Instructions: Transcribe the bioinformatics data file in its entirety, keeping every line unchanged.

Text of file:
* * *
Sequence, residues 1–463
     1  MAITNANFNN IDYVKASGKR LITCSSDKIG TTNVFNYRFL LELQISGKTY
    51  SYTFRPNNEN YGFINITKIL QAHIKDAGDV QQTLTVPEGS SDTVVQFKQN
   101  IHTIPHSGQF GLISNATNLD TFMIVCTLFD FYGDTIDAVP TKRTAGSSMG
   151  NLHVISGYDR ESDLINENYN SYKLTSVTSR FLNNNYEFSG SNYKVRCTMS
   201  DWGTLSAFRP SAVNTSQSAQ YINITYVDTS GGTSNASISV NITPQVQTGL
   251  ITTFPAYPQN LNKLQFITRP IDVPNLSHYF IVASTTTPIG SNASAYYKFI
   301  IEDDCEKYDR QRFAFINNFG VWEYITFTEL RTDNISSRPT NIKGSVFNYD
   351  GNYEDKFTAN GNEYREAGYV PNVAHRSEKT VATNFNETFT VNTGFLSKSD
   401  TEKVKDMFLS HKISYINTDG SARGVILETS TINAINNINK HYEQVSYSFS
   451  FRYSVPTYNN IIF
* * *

Sequence, residues 1–463
     1  MAITNANFNN IDYVKASGKR LITCSSDKIG TTNVFNYRFL LELQISGKTY
    51  SYTFRPNNEN YGFINITKIL QAHIKDAGDV QQTLTVPEGS SDTVVQFKQN
   101  IHTIPHSGQF GLISNATNLD TFMIVCTLFD FYGDTIDAVP TKRTAGSSMG
   151  NLHVISGYDR ESDLINENYN SYKLTSVTSR FLNNNYEFSG SNYKVRCTMS
   201  DWGTLSAFRP SAVNTSQSAQ YINITYVDTS GGTSNASISV NITPQVQTGL
   251  ITTFPAYPQN LNKLQFITRP IDVPNLSHYF IVASTTTPIG SNASAYYKFI
   301  IEDDCEKYDR QRFAFINNFG VWEYITFTEL RTDNISSRPT NIKGSVFNYD
   351  GNYEDKFTAN GNEYREAGYV PNVAHRSEKT VATNFNETFT VNTGFLSKSD
   401  TEKVKDMFLS HKISYINTDG SARGVILETS TINAINNINK HYEQVSYSFS
   451  FRYSVPTYNN IIF